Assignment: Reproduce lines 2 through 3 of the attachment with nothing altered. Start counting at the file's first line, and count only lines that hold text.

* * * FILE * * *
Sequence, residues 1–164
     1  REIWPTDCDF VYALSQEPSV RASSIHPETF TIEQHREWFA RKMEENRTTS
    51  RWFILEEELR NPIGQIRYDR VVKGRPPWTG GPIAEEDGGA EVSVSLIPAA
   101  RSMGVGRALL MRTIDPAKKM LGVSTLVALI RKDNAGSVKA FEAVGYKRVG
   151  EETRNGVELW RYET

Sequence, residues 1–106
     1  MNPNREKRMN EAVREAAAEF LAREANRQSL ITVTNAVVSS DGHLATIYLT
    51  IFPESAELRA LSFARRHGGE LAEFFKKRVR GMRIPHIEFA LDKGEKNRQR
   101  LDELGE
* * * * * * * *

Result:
     1  REIWPTDCDF VYALSQEPSV RASSIHPETF TIEQHREWFA RKMEENRTTS
    51  RWFILEEELR NPIGQIRYDR VVKGRPPWTG GPIAEEDGGA EVSVSLIPAA